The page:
PetaPixel

Marked Up Photographs Show How Iconic Prints Were Edited in the Darkroom

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Want to see what kind of work goes into turning a masterful photograph into an iconic print? Pablo Inirio, the master darkroom printer who works at Magnum Photos‘ New York headquarters, has personally worked on some of the cooperative’s best-known images. A number of his marked-up darkroom prints have appeared online, revealing the enormous amount of attention Inirio gives photos in the darkroom.

Sarah Coleman of The Literate Lens writes that Inirio’s tiny darkroom has many of these squiggle- and number-filled prints just casually lying around. Not just any ol’ prints, mind you, but some of history’s most well-known images.

The comparison images above show photographer Dennis Stock’s iconic portrait of James Dean in Times Square. The test print on the left shows all the work Inirio put into making the final photo look the way it does. The lines and circles you see reveal Inirio’s strategies for dodging and burning the image under the enlarger, with numbers scattered throughout the image to note different exposure times.

Coleman wonders whether the magic of seeing this process will carry over at all into our new digital age:

Over the last fifteen years, almost every photographer I’ve interviewed has waxed poetic about that “magical” experience of seeing an image develop in chemicals for the first time. You have to wonder whether today’s young photographers will rhapsodize as much about the first time they color-calibrated their monitors.

Here’s a similar comparison photo of a portrait of Muhammad Ali, captured by Thomas Hoepker in 1966:

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A portrait of photographer Henri Cartier-Bresson, captured by Bob Henriques during Martin Luther King’s march on Washington:

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Finally, a portrait of Audrey Hepburn, captured by photographer Dennis Stock:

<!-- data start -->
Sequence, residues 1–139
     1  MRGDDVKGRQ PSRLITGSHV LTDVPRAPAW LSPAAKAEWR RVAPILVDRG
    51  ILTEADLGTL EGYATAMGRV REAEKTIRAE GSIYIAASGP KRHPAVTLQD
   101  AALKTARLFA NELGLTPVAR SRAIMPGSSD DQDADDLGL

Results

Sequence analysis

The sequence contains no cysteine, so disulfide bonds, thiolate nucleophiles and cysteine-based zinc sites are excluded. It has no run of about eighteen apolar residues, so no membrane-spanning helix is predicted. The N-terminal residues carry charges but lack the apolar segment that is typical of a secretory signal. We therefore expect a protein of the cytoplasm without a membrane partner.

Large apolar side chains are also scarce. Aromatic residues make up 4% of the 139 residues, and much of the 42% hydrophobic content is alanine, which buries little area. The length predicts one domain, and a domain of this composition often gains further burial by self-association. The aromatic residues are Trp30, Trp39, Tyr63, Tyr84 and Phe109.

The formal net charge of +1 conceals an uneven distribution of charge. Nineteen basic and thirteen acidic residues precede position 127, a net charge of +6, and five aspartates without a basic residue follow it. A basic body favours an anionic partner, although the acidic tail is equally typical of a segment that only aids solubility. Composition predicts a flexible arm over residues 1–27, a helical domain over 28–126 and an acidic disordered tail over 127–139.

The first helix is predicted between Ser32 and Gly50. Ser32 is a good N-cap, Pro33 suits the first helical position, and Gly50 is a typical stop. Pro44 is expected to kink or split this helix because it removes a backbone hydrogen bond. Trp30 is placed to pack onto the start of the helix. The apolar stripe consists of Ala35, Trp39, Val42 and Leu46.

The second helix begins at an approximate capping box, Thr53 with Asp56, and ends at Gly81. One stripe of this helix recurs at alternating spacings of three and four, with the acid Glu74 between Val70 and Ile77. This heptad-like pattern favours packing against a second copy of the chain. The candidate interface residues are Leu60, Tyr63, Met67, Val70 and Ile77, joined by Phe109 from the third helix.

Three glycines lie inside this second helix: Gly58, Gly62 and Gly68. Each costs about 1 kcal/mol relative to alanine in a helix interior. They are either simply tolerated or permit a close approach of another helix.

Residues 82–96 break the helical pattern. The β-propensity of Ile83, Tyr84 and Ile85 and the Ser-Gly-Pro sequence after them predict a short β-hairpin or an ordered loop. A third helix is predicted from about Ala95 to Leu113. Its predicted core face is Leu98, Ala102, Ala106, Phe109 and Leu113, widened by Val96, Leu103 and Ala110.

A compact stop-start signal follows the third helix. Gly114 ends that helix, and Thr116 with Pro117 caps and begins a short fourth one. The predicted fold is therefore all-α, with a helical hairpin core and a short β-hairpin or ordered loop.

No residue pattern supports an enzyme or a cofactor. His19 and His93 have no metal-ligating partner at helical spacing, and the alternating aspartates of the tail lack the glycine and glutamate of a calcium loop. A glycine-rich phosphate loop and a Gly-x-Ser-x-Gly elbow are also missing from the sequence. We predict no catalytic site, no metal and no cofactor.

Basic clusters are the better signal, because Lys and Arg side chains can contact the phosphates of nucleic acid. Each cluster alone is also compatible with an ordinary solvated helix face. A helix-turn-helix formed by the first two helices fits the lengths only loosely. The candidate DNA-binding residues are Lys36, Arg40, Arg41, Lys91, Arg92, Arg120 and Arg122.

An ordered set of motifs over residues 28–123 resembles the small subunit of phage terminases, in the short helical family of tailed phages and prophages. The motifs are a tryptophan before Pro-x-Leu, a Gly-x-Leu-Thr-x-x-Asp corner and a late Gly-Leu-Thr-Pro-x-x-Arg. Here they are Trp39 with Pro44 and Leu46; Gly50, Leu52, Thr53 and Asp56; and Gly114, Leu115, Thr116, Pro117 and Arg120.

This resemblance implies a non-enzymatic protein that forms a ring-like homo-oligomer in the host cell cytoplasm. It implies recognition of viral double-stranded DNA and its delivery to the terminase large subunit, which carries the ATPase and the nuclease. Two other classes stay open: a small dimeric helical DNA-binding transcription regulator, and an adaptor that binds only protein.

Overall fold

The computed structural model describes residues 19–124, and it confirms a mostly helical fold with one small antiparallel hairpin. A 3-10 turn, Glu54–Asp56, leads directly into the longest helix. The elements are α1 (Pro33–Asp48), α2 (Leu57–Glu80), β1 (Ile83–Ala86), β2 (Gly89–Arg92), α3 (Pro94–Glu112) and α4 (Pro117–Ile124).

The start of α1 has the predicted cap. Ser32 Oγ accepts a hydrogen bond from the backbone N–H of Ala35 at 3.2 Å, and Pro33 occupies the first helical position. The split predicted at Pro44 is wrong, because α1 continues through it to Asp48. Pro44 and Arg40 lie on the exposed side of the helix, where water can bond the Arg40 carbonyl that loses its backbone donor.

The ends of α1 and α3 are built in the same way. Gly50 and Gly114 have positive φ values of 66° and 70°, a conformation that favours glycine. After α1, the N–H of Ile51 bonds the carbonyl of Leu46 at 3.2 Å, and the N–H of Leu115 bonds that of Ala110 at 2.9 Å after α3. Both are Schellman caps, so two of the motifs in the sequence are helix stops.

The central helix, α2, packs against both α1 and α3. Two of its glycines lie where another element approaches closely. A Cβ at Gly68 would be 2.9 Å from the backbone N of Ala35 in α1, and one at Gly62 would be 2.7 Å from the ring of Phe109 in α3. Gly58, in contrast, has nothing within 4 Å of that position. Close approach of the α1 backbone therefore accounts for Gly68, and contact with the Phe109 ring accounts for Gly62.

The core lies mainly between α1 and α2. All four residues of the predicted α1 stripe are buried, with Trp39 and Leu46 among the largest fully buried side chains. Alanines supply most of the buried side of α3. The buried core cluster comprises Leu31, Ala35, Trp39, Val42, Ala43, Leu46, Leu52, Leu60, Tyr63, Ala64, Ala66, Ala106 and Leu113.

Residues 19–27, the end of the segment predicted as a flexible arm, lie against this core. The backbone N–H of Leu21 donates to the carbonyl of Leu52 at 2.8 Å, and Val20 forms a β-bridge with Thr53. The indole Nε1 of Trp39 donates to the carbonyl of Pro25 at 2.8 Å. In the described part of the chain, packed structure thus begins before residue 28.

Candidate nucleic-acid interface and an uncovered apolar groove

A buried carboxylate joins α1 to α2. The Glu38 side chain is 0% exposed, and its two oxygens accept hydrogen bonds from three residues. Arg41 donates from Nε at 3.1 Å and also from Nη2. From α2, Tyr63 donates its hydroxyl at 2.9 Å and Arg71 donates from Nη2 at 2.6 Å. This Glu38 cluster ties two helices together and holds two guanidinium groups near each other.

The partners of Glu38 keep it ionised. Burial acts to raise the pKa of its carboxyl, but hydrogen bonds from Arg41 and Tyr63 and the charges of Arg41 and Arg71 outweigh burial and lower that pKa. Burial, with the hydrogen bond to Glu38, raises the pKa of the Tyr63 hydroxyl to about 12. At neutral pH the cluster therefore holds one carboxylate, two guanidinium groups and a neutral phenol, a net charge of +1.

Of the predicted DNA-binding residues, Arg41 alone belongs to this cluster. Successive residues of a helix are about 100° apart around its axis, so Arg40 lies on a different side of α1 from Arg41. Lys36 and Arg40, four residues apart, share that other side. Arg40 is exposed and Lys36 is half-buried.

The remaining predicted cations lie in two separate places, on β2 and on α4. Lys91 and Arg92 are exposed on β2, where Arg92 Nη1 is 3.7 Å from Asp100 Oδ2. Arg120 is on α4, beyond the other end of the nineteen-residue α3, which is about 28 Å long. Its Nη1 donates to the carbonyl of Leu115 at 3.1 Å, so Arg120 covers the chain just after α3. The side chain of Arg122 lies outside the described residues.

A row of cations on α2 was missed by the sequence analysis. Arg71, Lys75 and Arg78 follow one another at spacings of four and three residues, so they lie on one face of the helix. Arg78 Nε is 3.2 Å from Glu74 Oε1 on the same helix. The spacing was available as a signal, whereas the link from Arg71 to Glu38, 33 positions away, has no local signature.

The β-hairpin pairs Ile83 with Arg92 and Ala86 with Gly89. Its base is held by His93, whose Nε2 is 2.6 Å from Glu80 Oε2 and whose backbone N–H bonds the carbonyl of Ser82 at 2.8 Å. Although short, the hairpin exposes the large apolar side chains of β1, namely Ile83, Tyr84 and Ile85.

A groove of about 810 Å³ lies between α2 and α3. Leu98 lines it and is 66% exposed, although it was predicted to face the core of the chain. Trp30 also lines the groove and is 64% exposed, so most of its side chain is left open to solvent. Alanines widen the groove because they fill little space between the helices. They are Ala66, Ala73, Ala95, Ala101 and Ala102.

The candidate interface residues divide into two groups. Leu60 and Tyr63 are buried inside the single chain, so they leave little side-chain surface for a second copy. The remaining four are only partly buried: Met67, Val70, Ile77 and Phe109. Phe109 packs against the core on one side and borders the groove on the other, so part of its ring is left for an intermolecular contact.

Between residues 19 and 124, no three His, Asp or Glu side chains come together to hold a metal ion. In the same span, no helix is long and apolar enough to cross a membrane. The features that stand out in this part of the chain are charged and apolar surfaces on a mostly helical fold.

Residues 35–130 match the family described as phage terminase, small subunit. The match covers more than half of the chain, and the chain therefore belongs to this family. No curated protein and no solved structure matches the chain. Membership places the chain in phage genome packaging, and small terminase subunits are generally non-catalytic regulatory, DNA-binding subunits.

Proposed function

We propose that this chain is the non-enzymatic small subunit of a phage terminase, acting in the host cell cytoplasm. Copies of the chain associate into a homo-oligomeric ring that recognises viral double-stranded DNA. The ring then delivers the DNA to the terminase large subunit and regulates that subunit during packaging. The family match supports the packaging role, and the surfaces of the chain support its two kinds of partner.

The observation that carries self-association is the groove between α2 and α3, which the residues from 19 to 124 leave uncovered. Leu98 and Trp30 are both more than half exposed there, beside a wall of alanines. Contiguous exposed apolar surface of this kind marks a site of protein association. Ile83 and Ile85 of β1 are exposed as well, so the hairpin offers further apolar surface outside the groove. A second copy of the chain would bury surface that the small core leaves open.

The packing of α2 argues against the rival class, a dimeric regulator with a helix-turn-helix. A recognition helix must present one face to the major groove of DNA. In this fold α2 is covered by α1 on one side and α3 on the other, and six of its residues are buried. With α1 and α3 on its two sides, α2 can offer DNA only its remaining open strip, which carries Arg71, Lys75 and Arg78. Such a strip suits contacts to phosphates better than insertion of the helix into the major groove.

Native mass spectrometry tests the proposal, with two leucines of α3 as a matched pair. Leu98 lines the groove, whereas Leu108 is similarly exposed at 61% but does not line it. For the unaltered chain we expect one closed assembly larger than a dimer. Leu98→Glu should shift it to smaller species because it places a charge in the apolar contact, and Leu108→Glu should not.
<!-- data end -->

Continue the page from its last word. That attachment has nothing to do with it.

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Back in 2009, Magnum Photos tweeted two photographs showing Inirio at work in his darkroom. “Pablo Inirio, our Dark Room Printer at work,” the captions say:

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You should definitely give Coleman’s original 2012 piece a read. It’s an interesting look into the mind of a darkroom master as he works in a rapidly changing industry.

(via POTB via Gizmodo via Fstoppers)


Image credits: Photographs by Magnum Photos


 
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  • Scott

    Very cool insight into the process with film.

    One thing though, people talk about how we aren’t doing anything differently with our modern digital darkroom and that just doesn’t make much sense to me.

    How exactly do you selectively adjust sharpness and contrast in the dark dark room?

    It’s not like the only thing people do in Lightroom and Photoshop is dodging and burning…

  • http://www.ob1ne.wordpress.com/ o.b.1ne

    umm i’m pretty sure you’re just trying to save face, otherwise you would’ve specifically said content aware. And even content aware can be simulated in the dark room.

  • AtlantaTerry

    Mr. Zhang,
    Would you please stop using the word “capture”? Photographs are created, not captured.
    I guess it is like the relationship of a parent to a child. Would the parent say the baby was captured or created?

    Thank you for an otherwise interesting article.
    BTW, I have been shooting large format black and white film then after developing have the negatives scanned. I then edit the scanned image. There is a service that will print my digital edits onto actual silver-based enlarging paper. I find my time is far more productive using this blend of analog and digital photography.
    Terry Thomas…
    the photographer
    Atlanta, Georgia USA

  • Mr Hogwallop

    The term capture is used by people who have never shot film…it’s a digital thang. A couple of my younger friends do that.

  • Peter Michael Beck

    There are no rules on this- capture, create, suit yourself. We freeze a moment in time. I’m retired, but worked as a professional photographer or lab tech for 47 years and don’t care what term anyone uses.
    I am very pleased the darkroom crafts are still being practiced. It was my dream to buy a good Durst or Beseler enlarger, a 6′ Arkay sink and some reels, tanks and trays. I still have my safelights and Polycontrast filters. Had I retired much earlier that would have happened, but digital has caught up, to my satisfaction anyway. At work I scanned black and white and color negs as well as transparencies using Heidelberg and Hasselblad scanners and was well pleased with the results. I do still miss the darkroom smells, those wonderful Brovira papers, E-6 Ektachrome processing. Neat article.

  • Peter Michael Beck

    I cut my teeth on the old Speed Graphic, Graphic and a Calumet view cameras and the Leica M2 35mm as a Navy photographer back in the 1960′s, later working as an industrial photographer. Wound up at a well known magazine scanning images before I retired. Thanks for your post~ it was a trip down memory lane!